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Legal system trying to keep up with prolific Asian gangs

Legal system trying to keep up with prolific Asian gangs

Legal system trying to keep up with prolific Asian gangs
Published July 15, 2007

ST. PETERSBURG – Men Sorn didn’t have to tell deputies at the Pinellas County Jail that he was a gang member. The marks of his lifestyle covered his slender arms.

The word "Thug" was tattooed on his right forearm, "Life" on his left.  Other tattoos included a dragon and the words "Cambodian" and "Khmer." 

But the most significant marking may have been three small dots on the web of his left hand: They stand for "my crazy life," and symbolize membership in the Asian Pride Gang.

Sorn was a gang leader who killed a rival Asian Pride member after a car chase and shootout in St. Petersburg, authorities said. He was found guilty last month and sentenced to 35 years in prison.

Sorn, 23, said little before he was sentenced last month. But his case and other recent prosecutions have shed light on the most prolific gang type in south Pinellas County: Asians.

For more than 11 years, the Asian Pride Gang and a constellation of other gangs like the Everybody Killers and Southern Bloods have recruited dozens of youths, mostly from Southeast Asia.

"A lot of their leaders are in prison now," said Aaron Slavin, a prosecutor for the Pinellas-Pasco State Attorney’s Office who handles gang-related cases. "But they still have a lot of followers."

Asian gangs formed in Pinellas in the late 1980s and early 1990s, when children of immigrants looked for a sense of belonging.

In 1996, two rival Asian gang leaders met in state prison and agreed to end hostilities between the Asian Crip gang and the Southern Bloods, according to local gang investigators.

Their meeting led to the creation of the Asian Pride Gang, a group of about 50 that authorities blame for a string of robberies and violent attacks. A dispute with one rival gang alone led to 30 retaliatory shootings and stabbings in just two years.

Bryan Sims, a St. Petersburg police detective who specializes in gang intelligence, said Asian gangs modeled themselves after established traditional gangs like the Bloods.

Asian Pride gang members wear red bandanas and Converse Chuck Taylor sneakers. They listen to Tupac Shakur and flash hand signs.

Their victims tend to be members of their own community.

"When they do burglaries, robberies and kidnappings, generally they’re going after Asian victims," Sims said.

Pharadee Sim, 19, was recently sentenced to 40 months in prison after a string of gang burglaries in unincorporated St. Petersburg. Gang members knew which homes belonged to Asians, Sim told detectives,  because of unusual trees and plants the homeowners had planted.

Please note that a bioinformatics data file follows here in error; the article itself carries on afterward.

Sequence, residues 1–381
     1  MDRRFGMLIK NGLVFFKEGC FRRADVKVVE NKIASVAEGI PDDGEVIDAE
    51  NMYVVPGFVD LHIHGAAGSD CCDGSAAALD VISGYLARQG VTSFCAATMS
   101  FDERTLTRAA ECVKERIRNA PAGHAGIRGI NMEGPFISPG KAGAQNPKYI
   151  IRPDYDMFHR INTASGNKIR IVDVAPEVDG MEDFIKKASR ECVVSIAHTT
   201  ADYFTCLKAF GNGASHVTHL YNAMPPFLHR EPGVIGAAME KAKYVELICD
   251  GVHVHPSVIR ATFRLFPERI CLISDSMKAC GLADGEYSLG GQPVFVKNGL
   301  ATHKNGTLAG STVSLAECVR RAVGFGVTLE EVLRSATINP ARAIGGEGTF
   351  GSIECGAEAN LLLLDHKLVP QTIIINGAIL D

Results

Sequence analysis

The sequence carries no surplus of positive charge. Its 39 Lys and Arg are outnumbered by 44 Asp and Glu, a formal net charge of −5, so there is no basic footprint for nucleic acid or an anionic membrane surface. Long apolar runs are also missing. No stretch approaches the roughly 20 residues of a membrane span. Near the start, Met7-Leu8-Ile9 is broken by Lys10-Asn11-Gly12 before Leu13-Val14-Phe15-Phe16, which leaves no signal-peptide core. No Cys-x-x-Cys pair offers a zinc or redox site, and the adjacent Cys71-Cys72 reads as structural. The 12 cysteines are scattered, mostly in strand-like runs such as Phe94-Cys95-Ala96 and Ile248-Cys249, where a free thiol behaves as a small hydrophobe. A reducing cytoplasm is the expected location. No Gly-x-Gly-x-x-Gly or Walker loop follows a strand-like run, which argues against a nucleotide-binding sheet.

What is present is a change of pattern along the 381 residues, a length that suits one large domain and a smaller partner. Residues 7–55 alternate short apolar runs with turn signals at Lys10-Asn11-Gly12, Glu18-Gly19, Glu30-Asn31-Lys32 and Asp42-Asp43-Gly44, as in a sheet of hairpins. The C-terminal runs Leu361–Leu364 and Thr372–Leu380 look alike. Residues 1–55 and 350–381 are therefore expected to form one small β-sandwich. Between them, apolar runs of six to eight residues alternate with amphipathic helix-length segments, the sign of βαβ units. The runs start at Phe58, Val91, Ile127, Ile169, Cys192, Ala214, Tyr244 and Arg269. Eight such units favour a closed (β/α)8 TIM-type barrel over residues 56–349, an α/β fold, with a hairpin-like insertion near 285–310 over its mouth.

"He said they went after Asian homes," Slavin said, "because Asian people have money and jewelry in their homes."

Gang warfare escalated just after 2000 with several high-profile killings. A split in the Asian Pride Gang led to a fight in Tierra Verde with another group named True Asian Pride, Sims said. Asian Pride members objected to the word "True" in their rivals’ name, saying it was disrespectful.

Then, in 2004, Sorn was arrested for shooting a rival in Asian Pride named Xaisomdeth Sayavongkeo The two had a number of disputes, and Sorn was upset because he felt the leader of the Asian Pride Gang –  who was on probation – was being too weak.

Sims says he’s one of the few gang investigators in Florida who concentrate on Asian gangs.

Slavin became a full-time gang crimes prosecutor last July after the Pinellas-Pasco State Attorney’s Office received a grant to finance the position. Having one person keeping track of all gang prosecutions helps law enforcement crack down, he said.

As authorities focused on gang members, more and more leaders ended up in prison.

"A lot of them are out of commission right now," Sims said. "A lot of them are locked up."

But the violence continues. Just two weeks ago, another Asian Pride Gang member was arrested in a botched drug deal that turned into a fatal shooting, the Sheriff’s Office said.

Kevin Yun, 18, faces a first-degree murder charge, and sheriff’s deputies are searching for two other Asian men who were with Yun that  day, including the shooter.

After years in the gang unit, Sims isn’t surprised to see young men make dumb decisions that land them in jail, sometimes for the rest of their lives. They often come from broken homes, and are hunting for the good life.

"There’s a certain mind-set they want to emulate," Sims said. "They want rims, plasma TV, the money, the respect."

Abhi Raghunathan
can be reached at [email protected] or 727 893-8472.

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